Gifted Children — But Gifted in What Way?

Gifted Children — But Gifted in What Way?

Today’s Learning Curve with Roger & Virginia explores the many aspects of the ways in which children can be gifted and how you can benefit your child by knowing this; and what to do about it.

Our expert guest and friend today is Francie Alexander, the Vice President and Chief Academic Officer for Scholastic Education.  This is a return appearance for Francie; her last show with us addressed how to prevent your child from losing recently learned material in what is referred to as the “summer slide.”  (Click here for our June 6, 2012 show)

Francie reveals there are many different areas in which a child can be gifted.  A parent needs to appreciate this and the various many ways in which the child can express it.

Parents can too often be concerned that their child “is not academically gifted” and fail to see what particular gifts the child has and work to facilitate and strengthen those gifts.

Is your child gifted academically, socially, physically, artistically?  If academically, what particular part or subjects?

Learn how parents should focus on their child’s strengths and enhance them; not overly fret over apparent “below expectation” levels of skill or ability.  Validating what the child does well actually lifts all other aspects of the child’s endeavors.  But stressing and fretting over the child’s apparent lesser abilities only drags down the child’s confidence and self esteem and damages their overall achievement.

Learn why and how parents should keep their gifted children engaged and moving forward.

Learn about the extensive resources available at Scholastic, Inc., for parents to use with their variously gifted children.

Be alert to the possibility that your gifted child may have difficulty collaborating with other children; and the fact that gifted children need to be taught just as much as “regular” children.  But most important: let your gifted child follow the line of interest it has its attention on.

Learn the traits of gifted children:

  • Language development
  • Questioning and probing
  • Integrating advance words into their conversation
  • Focused on the pursuit of a purpose
  • They love to learn
  • Physically, they have good eye-hand coordination
  • Love to play and excel at a sport
  • Able to take any object (crayon, pencil, clay, cloth, etc.,) and create something from it


092412 Gifted Children

Roger and Virginia at The Learning Curve


How Do You Recognize if Your Child is Having Difficulty in School Early Enough to Properly Help? What to Do and How Do You Find the Help You Need?

The Learning Curve March 5, 2012 Dean Larson

How Do You Recognize if Your Child is Having Difficulty in School Early Enough to Properly Help?  What to Do and How Do You Find the Help You Need?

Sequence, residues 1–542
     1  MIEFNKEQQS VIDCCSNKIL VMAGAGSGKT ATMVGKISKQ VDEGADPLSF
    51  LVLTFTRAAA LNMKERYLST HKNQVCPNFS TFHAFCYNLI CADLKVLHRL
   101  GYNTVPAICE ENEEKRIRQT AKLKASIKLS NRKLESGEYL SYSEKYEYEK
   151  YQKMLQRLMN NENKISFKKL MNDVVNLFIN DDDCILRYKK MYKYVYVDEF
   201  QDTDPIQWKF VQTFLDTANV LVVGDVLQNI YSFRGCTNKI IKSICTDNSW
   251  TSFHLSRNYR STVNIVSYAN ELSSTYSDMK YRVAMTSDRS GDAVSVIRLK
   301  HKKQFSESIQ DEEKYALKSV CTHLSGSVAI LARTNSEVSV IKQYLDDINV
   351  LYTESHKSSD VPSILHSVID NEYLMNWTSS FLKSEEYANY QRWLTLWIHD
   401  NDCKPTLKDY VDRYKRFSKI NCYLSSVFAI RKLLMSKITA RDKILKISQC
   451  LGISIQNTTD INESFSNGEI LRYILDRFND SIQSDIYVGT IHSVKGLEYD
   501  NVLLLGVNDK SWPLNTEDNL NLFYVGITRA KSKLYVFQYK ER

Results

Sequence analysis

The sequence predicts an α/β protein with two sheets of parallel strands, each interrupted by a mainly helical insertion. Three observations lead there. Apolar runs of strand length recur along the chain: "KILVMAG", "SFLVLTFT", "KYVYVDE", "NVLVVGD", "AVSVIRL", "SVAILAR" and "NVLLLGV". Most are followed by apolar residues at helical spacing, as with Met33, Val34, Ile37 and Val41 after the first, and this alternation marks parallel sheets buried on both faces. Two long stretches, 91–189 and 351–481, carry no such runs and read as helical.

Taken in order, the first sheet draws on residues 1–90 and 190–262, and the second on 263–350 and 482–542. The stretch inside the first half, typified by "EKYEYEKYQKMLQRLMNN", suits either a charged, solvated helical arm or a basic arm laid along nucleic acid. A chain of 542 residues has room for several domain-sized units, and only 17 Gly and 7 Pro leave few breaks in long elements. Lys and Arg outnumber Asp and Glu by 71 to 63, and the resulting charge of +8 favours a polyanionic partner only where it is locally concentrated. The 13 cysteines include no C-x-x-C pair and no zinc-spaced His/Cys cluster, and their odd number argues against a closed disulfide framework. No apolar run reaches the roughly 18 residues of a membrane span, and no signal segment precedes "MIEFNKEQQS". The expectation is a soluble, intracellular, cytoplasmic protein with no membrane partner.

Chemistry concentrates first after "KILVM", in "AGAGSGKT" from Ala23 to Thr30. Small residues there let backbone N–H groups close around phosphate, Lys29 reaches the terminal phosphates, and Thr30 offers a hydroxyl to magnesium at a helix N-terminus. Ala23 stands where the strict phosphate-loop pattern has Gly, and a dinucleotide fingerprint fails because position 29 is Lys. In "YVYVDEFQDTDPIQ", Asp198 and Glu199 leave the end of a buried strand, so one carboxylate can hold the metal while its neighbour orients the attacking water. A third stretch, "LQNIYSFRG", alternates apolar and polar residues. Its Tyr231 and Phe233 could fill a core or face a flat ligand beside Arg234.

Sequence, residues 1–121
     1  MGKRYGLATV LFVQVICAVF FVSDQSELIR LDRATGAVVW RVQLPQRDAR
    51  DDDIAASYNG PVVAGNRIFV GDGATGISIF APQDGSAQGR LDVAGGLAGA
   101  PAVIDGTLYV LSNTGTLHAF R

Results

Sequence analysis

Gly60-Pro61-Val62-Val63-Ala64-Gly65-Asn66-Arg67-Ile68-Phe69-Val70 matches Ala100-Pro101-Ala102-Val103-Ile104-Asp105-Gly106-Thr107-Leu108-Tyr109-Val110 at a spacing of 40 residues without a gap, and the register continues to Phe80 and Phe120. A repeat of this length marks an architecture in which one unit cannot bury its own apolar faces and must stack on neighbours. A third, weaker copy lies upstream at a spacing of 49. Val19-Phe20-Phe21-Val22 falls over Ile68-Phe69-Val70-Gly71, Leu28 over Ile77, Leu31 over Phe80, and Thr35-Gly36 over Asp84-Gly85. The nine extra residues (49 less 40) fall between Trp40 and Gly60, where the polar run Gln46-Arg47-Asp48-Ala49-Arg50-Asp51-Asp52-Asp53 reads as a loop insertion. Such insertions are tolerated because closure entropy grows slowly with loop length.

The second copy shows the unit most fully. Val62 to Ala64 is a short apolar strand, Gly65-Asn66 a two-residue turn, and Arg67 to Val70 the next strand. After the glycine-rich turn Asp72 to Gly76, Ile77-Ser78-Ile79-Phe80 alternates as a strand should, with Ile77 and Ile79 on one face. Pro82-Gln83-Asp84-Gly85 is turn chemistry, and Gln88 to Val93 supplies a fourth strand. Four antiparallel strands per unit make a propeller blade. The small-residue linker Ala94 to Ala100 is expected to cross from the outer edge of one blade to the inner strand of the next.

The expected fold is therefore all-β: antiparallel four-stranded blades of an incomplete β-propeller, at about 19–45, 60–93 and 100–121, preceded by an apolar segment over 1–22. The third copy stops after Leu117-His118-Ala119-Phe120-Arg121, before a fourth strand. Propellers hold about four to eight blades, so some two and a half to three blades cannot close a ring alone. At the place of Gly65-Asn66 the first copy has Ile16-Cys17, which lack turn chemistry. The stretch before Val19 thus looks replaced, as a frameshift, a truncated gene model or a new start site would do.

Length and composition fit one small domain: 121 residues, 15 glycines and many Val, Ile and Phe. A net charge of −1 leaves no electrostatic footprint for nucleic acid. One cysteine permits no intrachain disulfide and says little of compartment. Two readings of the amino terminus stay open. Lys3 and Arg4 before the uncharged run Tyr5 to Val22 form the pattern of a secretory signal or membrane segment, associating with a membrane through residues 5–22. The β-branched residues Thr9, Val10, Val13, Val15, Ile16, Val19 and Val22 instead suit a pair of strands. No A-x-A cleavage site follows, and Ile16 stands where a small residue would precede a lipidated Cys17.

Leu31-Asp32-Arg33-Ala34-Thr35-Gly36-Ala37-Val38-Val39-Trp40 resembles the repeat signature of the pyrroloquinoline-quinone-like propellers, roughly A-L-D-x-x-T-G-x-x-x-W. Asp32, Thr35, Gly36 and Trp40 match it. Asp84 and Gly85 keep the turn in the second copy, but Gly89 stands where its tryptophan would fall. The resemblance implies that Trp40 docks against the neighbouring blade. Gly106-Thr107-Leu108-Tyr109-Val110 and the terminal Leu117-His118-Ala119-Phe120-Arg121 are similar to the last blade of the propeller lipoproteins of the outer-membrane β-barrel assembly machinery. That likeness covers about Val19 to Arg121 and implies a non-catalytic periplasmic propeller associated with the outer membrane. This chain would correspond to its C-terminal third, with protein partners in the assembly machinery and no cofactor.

Too often parents fail to recognize their child is having difficulty and by the time they spot it, too much damage and loss has occurred.

Even when parents are astute enough to recognize the struggling student in their child, they still have the problem of what to do to help and where to go to get proper professional help.

Today, on The Learning Curve with Roger & Virginia, we have the return of Dean Larson, Director of Access for Knowledge Learning Centers.

Dean has a wealth of experience in both preventing student difficulty in his own students and remedying the struggling conditions of students brought to him.

Hear Dean describe how you would first observe, and then proceed to handle, indications of your child having difficulty at school.

His first, critical word of advice is that a parent must stand back and examine the facts of the situation . . . don’t dub-in emotion or opinion.

Look for trends in grades and behavior; a change in friends and a change towards the family.

Write down only the facts.  Just gather data.

You must use “reflective listening” with your child—you must ask, and listen: not tell and assert your belief.

Kids don’t have enough life experience to yet be able to understand all the emotions and feelings they go through.

You’ll hear Dean explain how all this is done, and give you the key question to be asked:

  • What are the possibilities of change?
  • Are there medical conditions (hearing, eyesight, biochemical) behind the trouble?
  • What about tutoring services?  How do you evaluate the options?

Dean brilliantly and clearly answers all these questions . . . .


Click here to listen  Dean Larson 3-5-12 redo of e too large 

Jennifer Turner is an Honest to Goodness, Genuine Home-Schooling Mom Who Believes in student-led learning.

The Learning Curve February 27, 2012   Jennifer Turner

Jennifer Turner is an Honest to Goodness, Genuine Home-Schooling Mom Who Believes in student-led learning.

Jennifer is lucky to be able to benefit from A Cyber Charter School with on-line curriculum along with on-line teacher back-up and testing.

The benefit of all this to Jennifer’s two children is that, while they have to meet the state testing standards, she can allow the kids to progress through each item on the curriculum at the pace that best suits the child and also ensure mastery on all subject matter.